Sanctuary owners face biases in vet care

by Cassie Douglas, CAA Volunteer

Owning a sanctuary for farm animals comes with struggles beyond having the means to feed and house the residents. What happens when an animal becomes injured or ill and vets refuse to help because the animal is considered food? Though this idea may seem silly, it is sadly something many sanctuary owners and staff have experienced. 

Chickens grazing at Little Acorn Sanctuary in Northfield, Minnesota

Robin Johnson, owner of Spring Farm Sanctuary in Long Lake, Minnesota, is all too familiar with denial of care for her rescues. In March of 2019, Pete, one of the steers at the sanctuary, slipped on ice and fell, unable to get up. Because of his splayed position, Pete was in quite a bit of pain. Pete’s brother Scruffy had died the previous year after a fall, so Robin felt this was an urgent matter. Spring Farm called their usual vet, asking for help, but were told that it was too far of a drive and that they weren’t comfortable treating farm animals that wouldn’t “feed people.” They also mentioned that they disapproved of the “advertisements” posted at Spring Farm; they were referring to the informational posters revealing the truth about big agriculture. 

Spring Farm’s vet suggested they reach out to another vet, but that vet also refused help. Their response was similar: if this steer isn’t being raised for slaughter, we don’t want to help.1 

As if refusal of care for the cattle wasn’t enough, Robin also dealt with unhelpful vets for her first resident, a pig named Libby. Prior to her rescue, Libby had lived at a backyard butcher, surrounded by raw sewage. Likely exacerbated by her previous living conditions, Libby developed a middle ear infection in 2018. An antibiotic called Baytril was Libby’s best bet, but this drug has tight FDA regulations for farm animals to prevent antibiotic resistance. Since Libby was not a “food” pig, Robin searched for a way around this regulation. No one was able to help her, so she had no choice but to begin a less effective antibiotic, which did not fully cure the infection, and it resurfaced a year later.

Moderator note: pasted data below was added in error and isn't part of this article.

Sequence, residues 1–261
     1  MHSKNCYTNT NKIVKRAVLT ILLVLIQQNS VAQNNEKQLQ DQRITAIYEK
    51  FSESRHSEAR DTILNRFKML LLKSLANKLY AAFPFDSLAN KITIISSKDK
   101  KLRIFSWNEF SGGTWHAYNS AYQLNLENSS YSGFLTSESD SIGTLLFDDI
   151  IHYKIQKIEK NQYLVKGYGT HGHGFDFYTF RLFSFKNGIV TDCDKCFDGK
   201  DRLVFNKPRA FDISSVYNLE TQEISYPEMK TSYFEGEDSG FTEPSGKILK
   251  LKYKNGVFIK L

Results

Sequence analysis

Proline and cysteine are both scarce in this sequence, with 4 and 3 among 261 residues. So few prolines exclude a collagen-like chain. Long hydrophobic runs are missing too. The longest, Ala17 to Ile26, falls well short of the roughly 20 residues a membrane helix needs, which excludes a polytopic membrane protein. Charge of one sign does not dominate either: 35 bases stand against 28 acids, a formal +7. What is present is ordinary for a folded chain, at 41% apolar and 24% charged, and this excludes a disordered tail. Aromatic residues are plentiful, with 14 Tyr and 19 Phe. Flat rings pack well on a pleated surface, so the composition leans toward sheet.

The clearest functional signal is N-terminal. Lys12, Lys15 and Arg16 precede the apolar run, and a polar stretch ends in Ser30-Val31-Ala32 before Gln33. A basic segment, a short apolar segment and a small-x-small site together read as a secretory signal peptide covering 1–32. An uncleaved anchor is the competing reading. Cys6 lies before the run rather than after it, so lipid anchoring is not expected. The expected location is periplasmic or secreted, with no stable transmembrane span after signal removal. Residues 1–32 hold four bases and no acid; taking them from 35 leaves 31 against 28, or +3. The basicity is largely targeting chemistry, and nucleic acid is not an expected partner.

When Libby needed surgery to fix bone loss from the infection, a caring veterinarian in New York agreed to give the complex surgery a shot, even though it offered just a 50/50 chance of survival. Robin and her partner Buck hauled Libby across the country. The surgery went well and Libby survived, but her appetite never came back, and less than a month later, Robin and Buck decided to free Libby of her pain.2

Understanding and compassionate veterinarians of all animals do exist, however. Little Acorn Sanctuary in Northfield, Minnesota, has had many positive experiences with the care of their animals. The sanctuary uses four different vets, and all but one have been supportive. Usually explaining the sanctuary’s purpose is enough for the vet. Getting over seeing the animals as “food animals” seems to be the hardest part, but once that’s behind them, the vets are usually on board and happy to help. Asking questions and being direct has been the best tactic.3

Rooster Redemption in Center City, Minnesota, has also had very few issues. Owner Melanie Moonstone explains, “I have not had care refused, but I had one incident where I took one of my roosters to a local veterinarian and the vet tech loved him, thought he was really neat because she [had] never met one before. At one point she was joking around and said ‘Uh oh, you better not come after me or you will be leaving here as chicken nuggets.’”

Melanie didn’t say anything at that moment, but she later called the office to explain the situation and educate them. The vet tech called her back to apologize. “In the end,” Melanie says, “it was actually a really valuable opportunity to address speciesism.”

The sanctuary has had to try a few different vets; one of the first vets Melanie tried after starting Rooster Redemption suggested euthanasia without really talking to Melanie about the issues first. She did not go through with euthanasia, and the rooster lived another five months. Melanie explains, “This vet clinic and a few other places also made us sign something that we agreed to not eat this animal if he dies since he was put on antibiotics.” After these experiences, Melanie was able to find a primary vet clinic and emergency vet clinic that she loves and trusts. “They treat our roosters exactly like any other animal. They talk to them in cute voices, always give us several treatment options instead of just euthanasia. They truly look at them as companion and rescue animals, not just food,” she says.4

While there is still a long way to go before everyone views all animals as living, feeling beings that deserve happy lives free from pain, farm animal sanctuaries are paving the way and helping people to understand. A simple explanation is sometimes all it takes, but even in tougher scenarios, sanctuaries will keep fighting for equal care for their animals.


1 Two Minnesota vets refuse to treat an animal from a no-kill sanctuary

2 No Chemo for Pigs? Rescue Animals Face a Broken Veterinary System

3 Interview with Tara Lien

4 Interview with Melanie Moonstone

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